Jordan’s Ministry of Culture launched the ongoing #موهبتي_من_بيتي “My Talent From Home” contest in late March, already accumulating 67,000 participants and 18 million views across social media platforms. In addition to a priceless sense of community, a hundred prizes are awarded weekly, with monetary compensation, with a few standout candidates broadcasted on national television.
With lockdown measure still preventing Jordanians from leaving their homes, except in cases of emergency, and all schools remaining closed, the social media fueled contest provides a creative outlet for the youth. All one needs is a camera and their, perhaps undiscovered, talent.
موعدنا غدا … الساعة الرابعة مساء على شاشة التلفزيون الأردني و جميع صفحات وزارة الثقافة على مواقع التواصل الاجتماعي … للإعلان عن أسماء الفائزين بجوائز الأسبوع الثاني من مسابقة #موهبتي_من _بيتيكونوا على الموعد … بالتوفيق للجميع#الأردن_يبدع #خليك_بالدار #وزارة_الثقافة_الأردنية #موهبتي_من_بيتي #صحتك_بتهمنا #فيروس_كورونا #الأردن_أقوى #حب_الأردن #قيمنا_ثقافتنا #الأردن
Posted by وزارة الثقافة الأردنية on Saturday, April 11, 2020
All talent is welcome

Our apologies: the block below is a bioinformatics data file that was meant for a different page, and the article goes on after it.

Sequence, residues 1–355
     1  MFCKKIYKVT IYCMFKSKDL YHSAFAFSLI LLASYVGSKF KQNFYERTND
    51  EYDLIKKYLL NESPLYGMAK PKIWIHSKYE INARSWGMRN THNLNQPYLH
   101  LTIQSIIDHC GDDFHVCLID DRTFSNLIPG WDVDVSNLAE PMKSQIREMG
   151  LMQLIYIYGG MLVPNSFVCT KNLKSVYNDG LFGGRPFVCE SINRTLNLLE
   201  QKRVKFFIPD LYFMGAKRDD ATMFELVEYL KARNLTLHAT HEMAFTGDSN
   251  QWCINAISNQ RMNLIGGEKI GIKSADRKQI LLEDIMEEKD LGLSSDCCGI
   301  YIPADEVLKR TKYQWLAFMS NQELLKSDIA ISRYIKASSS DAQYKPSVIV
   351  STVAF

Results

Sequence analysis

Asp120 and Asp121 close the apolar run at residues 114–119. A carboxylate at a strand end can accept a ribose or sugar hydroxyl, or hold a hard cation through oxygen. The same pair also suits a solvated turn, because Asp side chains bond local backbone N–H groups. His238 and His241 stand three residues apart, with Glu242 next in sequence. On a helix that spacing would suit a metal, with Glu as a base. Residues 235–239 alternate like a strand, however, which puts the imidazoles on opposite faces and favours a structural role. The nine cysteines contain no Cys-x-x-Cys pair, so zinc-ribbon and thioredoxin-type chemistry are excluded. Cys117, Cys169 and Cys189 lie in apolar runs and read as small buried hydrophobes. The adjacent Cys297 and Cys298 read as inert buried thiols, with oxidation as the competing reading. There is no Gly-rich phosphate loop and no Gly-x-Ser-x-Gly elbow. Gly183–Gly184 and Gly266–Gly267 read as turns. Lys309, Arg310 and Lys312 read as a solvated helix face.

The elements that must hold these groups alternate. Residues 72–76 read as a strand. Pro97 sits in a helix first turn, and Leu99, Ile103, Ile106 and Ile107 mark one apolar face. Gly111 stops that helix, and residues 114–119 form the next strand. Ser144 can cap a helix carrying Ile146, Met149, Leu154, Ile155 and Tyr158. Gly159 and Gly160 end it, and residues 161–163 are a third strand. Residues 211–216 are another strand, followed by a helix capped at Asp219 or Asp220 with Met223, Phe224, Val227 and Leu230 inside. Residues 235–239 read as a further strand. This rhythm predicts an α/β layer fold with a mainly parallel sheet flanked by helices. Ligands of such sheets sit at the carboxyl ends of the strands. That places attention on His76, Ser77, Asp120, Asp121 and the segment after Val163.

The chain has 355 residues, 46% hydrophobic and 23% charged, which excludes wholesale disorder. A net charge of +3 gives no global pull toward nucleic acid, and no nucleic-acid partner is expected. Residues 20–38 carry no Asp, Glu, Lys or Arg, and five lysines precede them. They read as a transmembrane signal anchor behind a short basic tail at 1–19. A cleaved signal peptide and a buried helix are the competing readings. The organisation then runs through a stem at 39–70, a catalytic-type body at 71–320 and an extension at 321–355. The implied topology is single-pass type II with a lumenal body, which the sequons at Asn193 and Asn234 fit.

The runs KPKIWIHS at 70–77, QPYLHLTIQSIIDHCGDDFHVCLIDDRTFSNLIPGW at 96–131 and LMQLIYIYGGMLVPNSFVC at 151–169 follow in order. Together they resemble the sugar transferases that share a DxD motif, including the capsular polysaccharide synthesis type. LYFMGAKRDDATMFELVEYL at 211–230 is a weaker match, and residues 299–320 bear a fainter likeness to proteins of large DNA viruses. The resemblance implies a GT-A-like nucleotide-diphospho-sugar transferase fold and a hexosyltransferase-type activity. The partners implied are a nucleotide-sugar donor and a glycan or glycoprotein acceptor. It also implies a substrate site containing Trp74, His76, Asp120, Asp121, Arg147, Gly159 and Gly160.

The many entries encompass a wide spectrum of categories including music, comedy, poetry, drawing and storytelling. The contestants are divided into two age groups, those from age 10- 14 and 15 to 25 once their video has been submitted using the hashtag, either on Facebook, Twitter or Youtube, before facing a jury of 5 established Jordanian artists. Beyond their verdict, the number of views and likes on social media are also taken into account, to determine which entries will make broadcast onto live Jordanian television each week.
As if that were not enough there is a monetary reward of 100 to 1,000 dinars ($140-$1,400).
Newly discovered stars
Among the winners is Mahmoud Azzazi, 22, living in the capital, Amman, and is studying culinary arts, but has been turning to music to escape the boredom of lockdown. His rendition of the globally appreciated “Sway,” made famous by the likes of Dean Martin earned him on the first awards.
Another is Taleen Hindeleh, 20, with a musical flow that runs through the family, as the daughter of a veteran Jordanian singer, Attallah, also prizewinner of a culture ministry talent contest. She belted out “I want to fly, nobody can clip my wings” while playing piano in their home.
Confined further north, in Ajloun, 25-year-old Nabil Al-Rabadhi won a prize for his performance of “Enta omri” which translates to “You are my life“ a track originally sung by the legendary Egyptian Umm Kalthoum. Instead of singing, however, Nabil played it on the qanun, a stringed instrument similar to a zither, native to the Middle East. He expressed the importance to showcase a traditional instrument from his region, while many other contestants relied on Western ones.
Although lockdown restrictions have begun to ease during the day, especially during the holy month of Ramadan, the curfew remains at night, hence the magnitude of entries that continue to flood in.